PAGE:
By Valerie Strauss and Lindsey Bever
In its latest attempt to be the nation’s leader in restricting what happens in public school classrooms, Florida said it has rejected a pile of math textbooks submitted by publishers in part because they “contained prohibited subjects,” including critical race theory.
The Florida Department of Education announced on Friday (Saturday AEST) that Richard Corcoran, the outgoing commissioner of education, approved an initial list of instructional materials for maths, but 41 percent of the submitted textbooks were rejected – most of them in primary school.
Some were said not to be aligned with Florida’s content standards, called the Benchmarks for Excellent Student Thinking, or BEST. But others, the department said, were rejected for the subject matter.
“Reasons for rejecting textbooks included references to Critical Race Theory, inclusions of Common Core [previous national education benchmarks], and the unsolicited addition of Social Emotional Learning in mathematics,” it said in an announcement on the department’s website.
Although the department described the textbook review process as “transparent,” it did not mention which textbooks had been rejected or cite examples from the offending passages.
“It seems that some publishers attempted to slap a coat of paint on an old house built on the foundation of Common Core, and indoctrinating concepts like race essentialism, especially, bizarrely, for elementary school students,” Florida’s Republican Governor Ron DeSantis was quoted as saying in the announcement.
Critical race theory is an academic concept centred around the idea that racism is not simply individual prejudice but that it is systemic, woven into our legal systems. One example of this is when government officials in the 1930s deemed certain areas – often inhabited by African Americans – as bad financial investments, making it hard for them to get mortgage loans and buy their own homes, according to Education Week.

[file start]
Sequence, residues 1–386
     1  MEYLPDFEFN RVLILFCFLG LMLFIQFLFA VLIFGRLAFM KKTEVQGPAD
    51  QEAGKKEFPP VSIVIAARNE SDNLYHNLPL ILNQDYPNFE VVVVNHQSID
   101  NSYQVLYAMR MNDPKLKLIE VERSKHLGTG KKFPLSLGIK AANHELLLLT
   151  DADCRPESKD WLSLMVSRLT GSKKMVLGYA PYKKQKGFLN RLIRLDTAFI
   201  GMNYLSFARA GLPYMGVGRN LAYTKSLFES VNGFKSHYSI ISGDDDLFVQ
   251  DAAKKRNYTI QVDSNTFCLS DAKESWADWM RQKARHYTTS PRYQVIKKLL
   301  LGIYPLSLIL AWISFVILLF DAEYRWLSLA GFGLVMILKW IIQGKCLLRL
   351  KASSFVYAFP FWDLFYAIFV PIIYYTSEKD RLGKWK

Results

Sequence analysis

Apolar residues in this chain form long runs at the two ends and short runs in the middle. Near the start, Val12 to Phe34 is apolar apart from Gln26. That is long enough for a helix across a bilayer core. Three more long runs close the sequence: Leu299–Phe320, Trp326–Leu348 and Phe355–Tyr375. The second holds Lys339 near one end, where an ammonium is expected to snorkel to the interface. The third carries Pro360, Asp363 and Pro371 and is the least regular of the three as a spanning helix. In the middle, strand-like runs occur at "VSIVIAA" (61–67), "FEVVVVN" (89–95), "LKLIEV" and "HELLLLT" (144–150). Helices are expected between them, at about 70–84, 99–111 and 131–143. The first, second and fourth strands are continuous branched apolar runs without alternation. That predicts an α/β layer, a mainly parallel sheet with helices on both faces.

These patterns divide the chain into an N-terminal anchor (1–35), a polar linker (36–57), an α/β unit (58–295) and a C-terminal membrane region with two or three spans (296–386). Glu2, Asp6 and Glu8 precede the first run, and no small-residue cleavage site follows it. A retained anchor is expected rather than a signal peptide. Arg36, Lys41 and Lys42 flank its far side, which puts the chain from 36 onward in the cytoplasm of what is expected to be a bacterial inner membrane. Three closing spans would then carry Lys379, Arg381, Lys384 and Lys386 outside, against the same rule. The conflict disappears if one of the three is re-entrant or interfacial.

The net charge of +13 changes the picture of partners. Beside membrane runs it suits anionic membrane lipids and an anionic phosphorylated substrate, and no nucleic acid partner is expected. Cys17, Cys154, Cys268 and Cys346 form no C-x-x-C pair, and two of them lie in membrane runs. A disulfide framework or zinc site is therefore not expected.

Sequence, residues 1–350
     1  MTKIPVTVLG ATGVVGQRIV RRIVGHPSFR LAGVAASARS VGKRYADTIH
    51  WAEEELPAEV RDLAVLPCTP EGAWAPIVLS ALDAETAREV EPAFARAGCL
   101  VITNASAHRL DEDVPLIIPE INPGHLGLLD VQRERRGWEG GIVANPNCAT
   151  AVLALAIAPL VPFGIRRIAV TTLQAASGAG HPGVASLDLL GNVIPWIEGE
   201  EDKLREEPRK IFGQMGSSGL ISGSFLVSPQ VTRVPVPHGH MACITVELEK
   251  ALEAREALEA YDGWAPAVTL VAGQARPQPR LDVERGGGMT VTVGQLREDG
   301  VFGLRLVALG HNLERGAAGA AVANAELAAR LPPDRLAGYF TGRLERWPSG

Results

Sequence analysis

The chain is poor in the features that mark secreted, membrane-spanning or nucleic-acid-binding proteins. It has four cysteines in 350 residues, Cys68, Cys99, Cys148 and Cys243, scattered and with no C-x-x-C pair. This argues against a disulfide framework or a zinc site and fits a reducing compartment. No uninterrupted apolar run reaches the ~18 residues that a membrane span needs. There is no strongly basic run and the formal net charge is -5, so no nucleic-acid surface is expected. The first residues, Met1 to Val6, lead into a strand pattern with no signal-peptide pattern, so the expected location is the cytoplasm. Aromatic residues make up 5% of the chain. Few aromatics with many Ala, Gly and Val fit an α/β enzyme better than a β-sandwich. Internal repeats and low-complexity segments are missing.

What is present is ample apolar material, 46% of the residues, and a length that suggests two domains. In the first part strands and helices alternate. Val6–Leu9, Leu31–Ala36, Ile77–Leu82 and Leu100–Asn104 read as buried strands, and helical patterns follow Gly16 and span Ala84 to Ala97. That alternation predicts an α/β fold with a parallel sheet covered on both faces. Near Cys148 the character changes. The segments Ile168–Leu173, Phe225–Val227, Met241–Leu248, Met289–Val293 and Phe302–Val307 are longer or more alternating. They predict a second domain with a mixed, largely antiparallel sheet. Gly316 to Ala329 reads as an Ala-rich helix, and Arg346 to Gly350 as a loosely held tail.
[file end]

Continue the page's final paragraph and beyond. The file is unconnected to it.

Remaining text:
The concept emerged in the 1970s, but the murder of George Floyd in 2020 gave it new life as some schools tried to better address race in the classroom. Although critical race theory is not being directly taught in schools – only used as a foundation for lessons – the theory has been highly contentious, with some contending that students should have a broader understanding of racism in the United States and others arguing that it encourages discrimination by dividing people into two groups: victims and oppressors.
Critics immediately attacked the rejection. Democrat State Representative Carlos Smith tweeted “@EducationFL just announced they’re banning dozens of math textbooks they claim ‘indoctrinate’ students with CRT. They won’t tell us what they are or what they say b/c it’s a lie. #DeSantis has turned our classrooms into political battlefields and this is just the beginning.”
“No, this is not 1963,” Democrat state Senator Shevrin Jones tweeted, “it’s 2022 in the ‘Free State of Florida.’”
DeSantis has been leading the charge in Florida to restrict what teachers can say and discuss in class on topics including race, racism, gender and history. He recently signed legislation that bans classroom discussion on LGBTQ issues from prep through third grade and, for all students, says any such discussion must be “age appropriate or developmentally appropriate”.
Last year, his administration set new rules banning “critical race theory” and DeSantis is expected to soon sign into law the “STOP WOKE ACT” that codifies his executive order but also goes further, affecting not only what happens in schools but also the labour practices of private companies by restricting how they can promote diversity, equity and inclusion.
Critical race theory is an academic framework taught largely in law schools that sets a framework for examining systemic racism. Conservatives have accused state schools of using it – even though they don’t – in an attempt to restrict classroom discussion on the racist history and present of the United States. Now conservative activists have targeted social emotional learning programs – which are aimed at helping students deal with issues that can affect their academic performance – by saying they, too, are promoting critical race theory.
The Washington Post